It was in the 20th session of this assembly, that Mr. Henderson the moderator, after a most pious and learned sermon (to a very great auditory) from Psal. cx.1. The Lord said to my Lord, Sit thou on my right hand, &c. did in a most grave and solemn manner, excommunicate and depose the bishops, according to the form published among the printed acts of that assembly. In the 21st session, a supplication was given in for liberty to transport him from Leuchars to Edinburgh, but this he was unwilling to do, having been near eighteen years minister there. -- He pled that he was now too old a plant to take root in another soil, &c. yet, after much contest betwixt the two parties for some day, Edinburgh carried it by 75 votes, very much against his own inclination. However he submitted, on condition that when old age should overtake him, he should be again removed to a country charge. At the conclusion of this assembly he said, |We have now cast down the walls of Jericho (meaning prelacy) let him that buildeth them beware of the curse of Hiel the Bethelite, &c.|
In the year 1639. he was one of those commissioned for the church, to treat upon the articles of pacification with the king and his commissioners at Birks near Berwick, where he behaved with great prudence and candor. And when the general assembly, the same year, sat down at Edinburgh, August 12, Mr. Henderson (having been the former moderator) preached to them from Acts v.33 when they heard that, they were cut to the heart, &c. did towards the close of his discourse, address John earl of Traquair, his majesty's commissioner, in these words, -- |We beseech your grace to see that Caesar have his own, but let him not have what is due to God, by whom kings reign. God hath exalted your grace unto many high places, within these few years, and is still doing so. Be thankful and labour to exalt Christ's throne. -- -- Some are exalted like Haman, some like Mordecai, &c. When the Israelites came out of Egypt, they gave all the silver and gold they had carried thence for the building of the tabernacle: in like manner, your grace must employ all your parts and endowments for the building up the church of God in this land, &c.|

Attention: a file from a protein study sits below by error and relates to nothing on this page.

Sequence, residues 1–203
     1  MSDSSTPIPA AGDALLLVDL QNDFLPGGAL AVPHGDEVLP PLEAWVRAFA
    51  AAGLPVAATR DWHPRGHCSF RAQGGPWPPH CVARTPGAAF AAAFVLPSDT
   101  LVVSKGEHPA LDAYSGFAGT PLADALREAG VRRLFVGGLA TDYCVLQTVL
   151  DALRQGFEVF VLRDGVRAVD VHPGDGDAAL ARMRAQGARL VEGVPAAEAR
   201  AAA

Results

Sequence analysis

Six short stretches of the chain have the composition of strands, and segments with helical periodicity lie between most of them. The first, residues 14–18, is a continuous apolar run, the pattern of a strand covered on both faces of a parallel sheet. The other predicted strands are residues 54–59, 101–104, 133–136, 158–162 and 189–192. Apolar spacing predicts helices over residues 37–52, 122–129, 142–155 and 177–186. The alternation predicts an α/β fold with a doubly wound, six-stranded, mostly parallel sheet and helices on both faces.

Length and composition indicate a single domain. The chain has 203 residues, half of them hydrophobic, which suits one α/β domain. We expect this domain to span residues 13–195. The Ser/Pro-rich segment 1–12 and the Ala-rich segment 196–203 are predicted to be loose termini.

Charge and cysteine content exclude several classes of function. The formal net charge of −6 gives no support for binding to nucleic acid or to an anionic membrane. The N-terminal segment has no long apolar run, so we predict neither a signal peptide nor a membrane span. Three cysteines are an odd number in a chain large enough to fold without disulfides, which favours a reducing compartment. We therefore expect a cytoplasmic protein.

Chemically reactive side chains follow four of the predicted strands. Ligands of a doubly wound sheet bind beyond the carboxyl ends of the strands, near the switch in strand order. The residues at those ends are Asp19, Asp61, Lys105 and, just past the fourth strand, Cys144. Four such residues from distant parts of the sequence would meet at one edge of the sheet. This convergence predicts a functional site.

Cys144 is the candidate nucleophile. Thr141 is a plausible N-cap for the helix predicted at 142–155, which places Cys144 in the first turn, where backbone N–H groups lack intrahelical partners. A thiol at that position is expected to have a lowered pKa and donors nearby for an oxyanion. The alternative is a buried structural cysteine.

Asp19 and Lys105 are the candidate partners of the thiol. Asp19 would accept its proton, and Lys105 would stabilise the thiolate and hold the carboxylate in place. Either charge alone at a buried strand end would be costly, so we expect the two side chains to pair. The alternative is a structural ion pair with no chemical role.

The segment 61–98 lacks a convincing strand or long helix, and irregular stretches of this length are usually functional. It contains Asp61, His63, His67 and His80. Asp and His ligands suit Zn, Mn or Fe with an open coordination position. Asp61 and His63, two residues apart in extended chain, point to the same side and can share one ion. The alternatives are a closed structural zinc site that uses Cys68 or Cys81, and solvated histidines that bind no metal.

And to the members chosen, he said, |Right honourable, worshipful, and reverend, go on in your zeal and constancy: true zeal doth not cool, but the longer it burns, the more fervent it will grow: if it shall please God that by your means the light of the gospel shall be continued, and that you have the honour of being instrumental of a blessed reformation, it shall be useful and comfortable to yourselves and your posterity. But let your zeal be always tempered with moderation; for zeal is a good servant but a bad master; like a ship that hath a full sail but no rudder. We had much need of Christian prudence, for we know what advantage some have attempted to take of us this way. For this reason let it be seen to the world, that presbytery, the government we contend for in the church, can consist very well with monarchy in the state; and thereby we shall gain the favour of our king, and God shall get the glory.| After this discourse and the calling of the commissions, Traquair desired that Mr. Henderson might be continued moderator. Whether this was to corroborate his master's design, or from a regard to Mr. Henderson's abilities (as he himself professed) is not certain, but the assembly opposed this as favouring too much of the constant moderator, the first step taken of late to introduce prelacy; and no man opposed Traquair's motion more than Mr. Henderson himself, and by that means it was over-ruled.
Mr. Henderson was one of those ministers who went with the Scots army to England in the year 1640, every regiment having one of the most able ministers in the bounds where they were raised as chaplain, and when the treaty was set on foot which began at Rippon, and ended at London, he was also one nominated as commissioner for the church, the duties of which he discharged with great prudence and advantage, and the very next year, he was, by the commission of the general assembly, authorized to go with lord Loudon, Warriston and Barclay, to the king, to importune him to call his English parliament, as the only and best expedient to obtain an honourable and lasting peace; but his embassy had not the desired effect.